There is at least one limited liability company, Dog Shows Limited, registered at Companies House, which has invited societies to licence themselves under its auspices. Should the K.C. object or impose sanctions on any society, which licences a show with this company, or indeed holds a show under its own auspices, or should any exhibitor or judge be intimidated in any manner they may seek the protection of the OFT, which is likely in the light of the Irish experience, which I shall mention later, to take action under the Act, they are duty bound so to do. My advice to the K.C., which they are unlikely to accept, is that they seek legal advice in order to avoid contravention of the Act. The legislation was placed on the statute book for the protection of the general community and all societies should seek and take refuge under its provisions to counter exploitation. The K.C. should avoid making itself a prime target and should suspend its past policies of sanctions and intimidation.
The German Shepherd Association of Ireland, which is affiliated to the Irish KC, sought to hold a show incorporating Schutzhund displays, which was not sanctioned by the Irish K.C. It should be remembered that the Competition legislation emanates from Brussels and applies throughout the European Union. The Irish K.C. was advised by the Irish Competitions Authority that they had no right to inhibit the activities of the GSA, its judges or exhibitors.
As the late and highly revered Lord Denning, Master of the Rolls and President of the Court of Appeal, Civil Division, said when we entered the then European Economic Community "the European laws will flow up our estuaries and rivers". Some were sceptical as to the benefits, but we now find that oppressive organisations are finding that their assumed powers are being eroded by laws which reinforce the liberty of the individual.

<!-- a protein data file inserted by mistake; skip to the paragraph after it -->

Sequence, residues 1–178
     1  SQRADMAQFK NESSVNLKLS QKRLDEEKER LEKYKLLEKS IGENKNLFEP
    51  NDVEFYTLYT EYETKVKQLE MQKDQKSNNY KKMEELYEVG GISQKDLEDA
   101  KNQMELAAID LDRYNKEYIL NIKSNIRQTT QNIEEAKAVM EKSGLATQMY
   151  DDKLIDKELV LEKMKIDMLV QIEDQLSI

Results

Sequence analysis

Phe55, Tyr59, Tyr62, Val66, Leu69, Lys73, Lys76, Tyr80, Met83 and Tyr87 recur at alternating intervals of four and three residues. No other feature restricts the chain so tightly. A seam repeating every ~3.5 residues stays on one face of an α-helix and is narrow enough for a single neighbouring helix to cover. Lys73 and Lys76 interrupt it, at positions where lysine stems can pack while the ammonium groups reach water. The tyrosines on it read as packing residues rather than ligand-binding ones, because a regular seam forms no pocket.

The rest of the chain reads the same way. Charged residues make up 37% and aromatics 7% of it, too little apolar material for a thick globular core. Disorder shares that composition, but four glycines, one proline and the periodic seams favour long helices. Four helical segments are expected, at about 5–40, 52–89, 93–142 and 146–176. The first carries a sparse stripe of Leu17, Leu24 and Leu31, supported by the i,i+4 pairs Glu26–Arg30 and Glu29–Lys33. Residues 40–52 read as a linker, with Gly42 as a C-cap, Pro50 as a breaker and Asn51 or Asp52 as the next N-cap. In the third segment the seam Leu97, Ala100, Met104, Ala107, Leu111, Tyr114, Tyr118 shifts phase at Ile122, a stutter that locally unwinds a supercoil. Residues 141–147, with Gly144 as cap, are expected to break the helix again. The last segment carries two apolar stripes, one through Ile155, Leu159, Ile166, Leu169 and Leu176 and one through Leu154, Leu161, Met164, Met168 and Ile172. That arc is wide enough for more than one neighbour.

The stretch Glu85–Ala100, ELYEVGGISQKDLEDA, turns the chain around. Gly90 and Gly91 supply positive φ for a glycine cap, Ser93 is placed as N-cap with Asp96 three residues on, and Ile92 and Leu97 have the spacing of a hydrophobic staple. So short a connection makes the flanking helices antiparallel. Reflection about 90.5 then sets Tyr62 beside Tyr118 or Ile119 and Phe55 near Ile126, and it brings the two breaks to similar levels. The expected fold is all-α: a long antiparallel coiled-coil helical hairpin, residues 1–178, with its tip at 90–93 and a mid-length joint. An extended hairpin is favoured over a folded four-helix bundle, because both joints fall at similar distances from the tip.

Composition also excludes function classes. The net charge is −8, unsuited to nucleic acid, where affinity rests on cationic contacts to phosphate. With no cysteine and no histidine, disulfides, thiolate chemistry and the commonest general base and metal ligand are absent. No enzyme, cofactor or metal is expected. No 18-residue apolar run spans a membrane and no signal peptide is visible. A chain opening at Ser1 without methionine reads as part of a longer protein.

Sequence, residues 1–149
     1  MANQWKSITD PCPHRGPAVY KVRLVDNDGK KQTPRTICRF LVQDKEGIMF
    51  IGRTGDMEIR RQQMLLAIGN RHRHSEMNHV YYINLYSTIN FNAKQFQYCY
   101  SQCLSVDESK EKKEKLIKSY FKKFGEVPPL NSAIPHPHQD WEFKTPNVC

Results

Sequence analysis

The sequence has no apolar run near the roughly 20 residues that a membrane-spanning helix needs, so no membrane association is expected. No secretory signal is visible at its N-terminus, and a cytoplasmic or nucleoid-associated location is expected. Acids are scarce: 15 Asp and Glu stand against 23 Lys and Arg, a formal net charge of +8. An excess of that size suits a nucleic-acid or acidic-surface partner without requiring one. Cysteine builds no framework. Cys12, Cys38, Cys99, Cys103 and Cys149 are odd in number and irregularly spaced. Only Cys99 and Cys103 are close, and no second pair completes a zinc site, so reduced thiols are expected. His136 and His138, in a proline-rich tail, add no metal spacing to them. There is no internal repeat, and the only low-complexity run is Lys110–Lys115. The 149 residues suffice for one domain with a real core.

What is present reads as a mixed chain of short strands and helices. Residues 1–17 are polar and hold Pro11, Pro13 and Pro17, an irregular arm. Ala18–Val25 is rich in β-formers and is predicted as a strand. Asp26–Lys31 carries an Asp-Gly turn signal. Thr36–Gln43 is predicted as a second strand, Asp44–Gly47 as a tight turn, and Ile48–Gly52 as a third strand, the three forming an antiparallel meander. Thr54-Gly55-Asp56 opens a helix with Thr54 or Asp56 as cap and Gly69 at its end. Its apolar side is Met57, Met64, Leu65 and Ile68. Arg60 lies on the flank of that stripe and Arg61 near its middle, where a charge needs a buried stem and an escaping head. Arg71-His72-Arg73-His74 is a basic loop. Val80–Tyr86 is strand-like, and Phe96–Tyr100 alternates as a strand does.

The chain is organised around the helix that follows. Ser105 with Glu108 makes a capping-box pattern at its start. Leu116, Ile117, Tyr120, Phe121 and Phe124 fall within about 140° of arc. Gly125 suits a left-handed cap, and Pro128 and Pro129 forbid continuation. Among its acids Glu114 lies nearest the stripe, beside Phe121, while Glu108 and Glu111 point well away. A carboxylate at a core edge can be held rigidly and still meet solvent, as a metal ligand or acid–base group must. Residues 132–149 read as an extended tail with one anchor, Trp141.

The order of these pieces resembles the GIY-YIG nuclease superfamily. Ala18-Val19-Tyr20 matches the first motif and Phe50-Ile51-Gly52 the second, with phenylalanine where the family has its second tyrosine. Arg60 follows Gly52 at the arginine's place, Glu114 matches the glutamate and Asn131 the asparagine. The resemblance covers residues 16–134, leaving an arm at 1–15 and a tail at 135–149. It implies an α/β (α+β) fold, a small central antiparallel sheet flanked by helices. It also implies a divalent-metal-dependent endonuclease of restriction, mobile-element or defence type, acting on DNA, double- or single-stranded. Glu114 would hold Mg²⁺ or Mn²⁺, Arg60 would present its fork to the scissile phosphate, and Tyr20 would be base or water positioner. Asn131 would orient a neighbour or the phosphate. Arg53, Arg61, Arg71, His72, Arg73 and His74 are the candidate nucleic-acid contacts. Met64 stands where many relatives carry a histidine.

The responsibility of any form of government, however small the area of interest, such as in the world of dogs, carries with it the need and requirement for accountability. I would therefore ask the question, does the K.C. spend its financial resources to the good of the canine world in general. The answer to that is an obvious "No". We have seen in the past two years £1.7 million spent on the refurbishment of Clarges Street, which was assessed only last year as being valued at £7.5 million. I make the point that £1.7 million is over 23% of the value of the building and this is a rather large amount to expend on superficial refurbishment. I feel sure that the same work could have been carried out for a far lesser sum, but as I have not visited the Kennel Club recently I cannot speak of the quality of the work. These funds are secured by the exorbitant charges made to non-member enthusiasts for dog registrations and are used for the benefit of the 882 members. Recently £300,000 was spent on the newly created Gallery area on the ground floor.